The current version of Paris Saint-Germain has never been coy about its ambitions, but playing in the relative shadows of French soccer, one of the wealthiest and most talented teams in the world escapes the European headlines that dwell on Spain’s big two, the chaos and commotion in England, and the region’s current juggernaut in Munich. It’s only during Champions League that we remember PSG has two of the world’s top strikers, it’s best defender, and a recently strengthened midfield that already proved its worth while pushing Barcelona to the limit in last year’s competition. Until they break through and knock one of Europe’s elite out of this tournament, Paris Saint-Germain will remain a dark horse, but they’re still a dark horse you don’t want to face. The Spanish champions were lucky to get by them last season.
Whether PSG can go one step further and derail one of UEFA’s elites this year will be answered in another round. Beginning the knockout round on the road against Bayer Leverkusen, Laurent Blanc’s team got one of the easiest draws possible. As a result, their Round of 16 will be less of a test of their continental mettle than a chance to show how much distance they’ve put between themselves as a median Champions League qualifier. Bayer may be second in the German Bundesliga, but they’ll be decidedly out-classed by the Parisians.
That is a harsh assessment, sure, but consider how Leverkusen performed in group stage, where being drawn in a group with Manchester United as its one-seed gave Sami Hyypia’s team a chance to challenge for top honors. Instead, against a Red Devils team that has rarely impressed under David Moyes, Bayer lost both games by a combined 9-2. Where United has spent the season looking incapable of getting production that matches their talent, they scored no fewer than four goals in their two games against Bayer.
Paris Saint-Germain is a much better team than Manchester United. While Robin van Persie and Wayne Rooney can match the Parisians’ attacking duo of Zlatan Ibrahimovic and Edinson Cavani, Blanc can also choose from Ezequiel Lavezzi, Lucas Moura, Javier Pastore, and Jeremy Menez in attack. With Cavani having missed the last three weeks, that depth will be put to good use. The winter addition of Yohan Cabaye complements Blaise Matuidi and Thiago Motta to form a midfield that can compete with the competition’s best, while a back line led by Thiago Silva has given up only 16 goals in 25 games this year in Ligue 1. If Bayer couldn’t compete with Manchester United, there’s little reason to think they’ll have better luck against PSG.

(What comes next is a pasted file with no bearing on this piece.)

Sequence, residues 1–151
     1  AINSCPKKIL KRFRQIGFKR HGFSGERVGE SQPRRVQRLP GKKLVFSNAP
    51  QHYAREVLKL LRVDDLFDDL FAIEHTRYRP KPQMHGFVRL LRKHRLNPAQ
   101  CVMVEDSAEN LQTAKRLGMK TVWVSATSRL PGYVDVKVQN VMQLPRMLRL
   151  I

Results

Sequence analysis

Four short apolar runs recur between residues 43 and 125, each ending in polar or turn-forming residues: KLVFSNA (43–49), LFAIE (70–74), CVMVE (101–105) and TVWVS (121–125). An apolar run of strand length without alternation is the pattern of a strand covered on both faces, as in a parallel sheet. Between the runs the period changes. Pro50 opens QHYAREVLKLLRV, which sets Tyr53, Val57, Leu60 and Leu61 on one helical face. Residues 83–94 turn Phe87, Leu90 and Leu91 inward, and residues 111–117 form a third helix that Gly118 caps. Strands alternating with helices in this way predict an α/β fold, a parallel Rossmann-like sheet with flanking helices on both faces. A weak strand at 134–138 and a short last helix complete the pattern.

A devil’s advocate would look at Bayer’s attacking trio — Stefan Kießling, Sidney Sam, and Heung-Min Son — and break out the puncher’s change cliché. Unfortunately for Hyypia, an attack that can’t match PSG’s is the best thing his team has going for it, with a central defense of Emir Saphic and Philipp Wollscheid unlikely to slow down an in-form Ibrahimovic (33 goals in last 27 games for club and country). Having lost twice in the last six days, Bayer also enter Tuesday’s game in a slump.
So why bother with this game, particularly with the festivities in Manchester? Nobody’s saying you should, but given the inherent variability the the sport, everything written above may prove wrong. Luck may shine on Bayer, PSG’s goals may dry up, the Hyypia’s team might pull an upset in leg one. Despite the inevitability we’re cast on PSG winning this tie, a win by Leverkusen on Tuesday would make any lists of the greatest upsets in Champions League history.
More readily, however, you’ll watch this game to see if Paris Saint-Germain is ready. Even on the road, they have an opportunity to put this tie away early, and by doing so show they may be more than mere dark horses. Put in a convincing performance in Germany, and PSG will remind the field that they are one of the most talented teams in the world.